2012 Election Analysis: Conservative Ideology Colors the Election for Republicans

In so many ways—be it on the economy and job creation, taxes, or healthcare—the election served as a referendum on President Obama and the policies he signed into law over the last four years. Conservative pundits such as Rush Limbaugh convinced themselves and their followers that voters would clean house and sweep Governor Romney and the Republican Party to victory. The idea that Governor Romney would win is not too far-fetched. Obamacare is unpopular, the US debt is higher than at any other time in history, job creation is not expanding rapidly enough. And when President Obama failed to defend his policies during the first debate, many on the right believed that Obama’s policies, just like his energy that night in Denver, ran their course.

Instead, President Obama won. And he won big.

The exit polls tell a great story as to why President Obama carried the day. Women, Latinos, African-Americans all broke for the President by 55%, 71%, and 95%, respectively. These are huge margins, and I believe the margins are reflective of a Republican Candidate and Republican Party that is extreme. The Republican Party Platform would ban abortion. Republican candidates Akin (R-MO) and Mourdock (IN) made comments that personified the Republican Platform’s vision. The Republican Party’s solution to immigration took on an increasingly get-tough stance, with Governor Romney extolling “self-deportation” as the way forward. Likewise, when giving a speech to the NAACP in July, Governor Romney got booed.

So even as Republicans, the Republican Party, and the Republican presidential nominee insulted or demeaned or wrote off 47% of the country, they still thought they could win the highest office in the land and take control of the Senate. When polls showed Obama with a lead, Republicans dismissed the polls as typical liberal media bias. When Governor Romney insisted that he could cut taxes across the board while cutting the deficit and keep defense spending at or above 4% of GDP regardless of peace or war, Republicans thought that Americans would ignore the math and instead believe the words. When Republicans demeaned women’s rights and gay rights, Republicans thought Americans would ignore their hypocrisy because they otherwise extol individual freedoms.

They thought wrong.

Perhaps Republicans came up short because of their unwavering belief that their conservative ideology is failsafe. Such blind faith is troubling. To paraphrase President Bill Clinton, believing so strongly in an ideology is dangerous because it gives you the answer before you even need to look at the evidence. In this light, look at the Republicans’ track record and position on some of today’s biggest issues. Global warming is a hoax, despite all predictions to the contrary. Tax cuts are the only way to grow the economy. Illegal immigrants are taking American jobs. Gun control laws banning semi-automatic weapons suitable only for theaters of war threaten the Second Amendment. Republicans are an inclusive party because they scored speakers like Condoleezza Rice and Marco Rubio at their Convention, and Rush Limbaugh dares anybody to claim that Republicans are anything but.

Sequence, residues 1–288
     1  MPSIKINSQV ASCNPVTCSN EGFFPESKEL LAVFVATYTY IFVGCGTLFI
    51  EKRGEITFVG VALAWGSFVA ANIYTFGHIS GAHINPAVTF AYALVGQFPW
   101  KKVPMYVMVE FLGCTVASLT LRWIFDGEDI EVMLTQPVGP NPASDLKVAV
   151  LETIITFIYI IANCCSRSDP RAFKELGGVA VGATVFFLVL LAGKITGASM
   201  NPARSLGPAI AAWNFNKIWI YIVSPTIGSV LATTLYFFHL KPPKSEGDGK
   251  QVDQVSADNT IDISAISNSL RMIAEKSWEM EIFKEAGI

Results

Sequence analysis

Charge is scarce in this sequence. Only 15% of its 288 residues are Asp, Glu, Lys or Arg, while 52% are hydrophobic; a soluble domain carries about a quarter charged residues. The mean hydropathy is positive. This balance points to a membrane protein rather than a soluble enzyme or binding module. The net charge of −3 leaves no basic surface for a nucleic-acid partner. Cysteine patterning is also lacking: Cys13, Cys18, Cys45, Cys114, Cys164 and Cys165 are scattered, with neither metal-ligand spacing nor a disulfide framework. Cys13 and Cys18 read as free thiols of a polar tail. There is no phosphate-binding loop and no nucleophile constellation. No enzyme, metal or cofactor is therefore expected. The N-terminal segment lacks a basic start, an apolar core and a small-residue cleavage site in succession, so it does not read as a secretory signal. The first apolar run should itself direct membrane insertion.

So when it came to election night, Republicans convinced themselves they would win election night not because poll after poll (and statistical analysis after statistical analysis) proved them wrong, but because they had convinced themselves that their conservative ideology was always right. That Karl Rove contested the very idea that Ohio had been called, even after Fox called it, is yet another case in point.

To run contrary to the opinions flooding the media after Governor Romney’s loss, I very much doubt the Republican Party will take a hard look at itself and reevaluate its positions on taxes and the economy, women’s rights, minorities, immigration, gun control, global warming, or anything else. I say this because a similar moment happened in 2008, when analysts thought the Republican Party would soon come to an end after eight years under George W. Bush and especially after the Obama campaign trounced Senator McCain’s. Instead of striking a conciliatory tone, Republicans further steeped themselves in their ideology and went farther to the right. In 2010, Republicans retook the House. In 2012, the strategy became more extreme. The strategy became not one of inclusion, but exclusion, as witnessed by the restrictive voting laws in Texas and Pennsylvania, and Florida’s move to reduce early voting from fourteen to eight days.

For Republicans who will have to read into the evidence to understand that the Republican Party is increasingly old, increasingly white, and increasingly misrepresentative of the America we live in, is to actually read into the evidence.

And reading into the evidence—on a myriad of issues—is apparently a very tall order.

If 2008 is any guide, Republicans will not read into the evidence, change their ideology, or realize that while convictions do not need to break, they should at least once in a while bend. Instead, it is all too predictable that Republicans will once again look to their severely conservative ideology, ignore the science and the math, and convince themselves that they can still win. After all, when you run campaigns that are not bounded by the truth, anything can happen.

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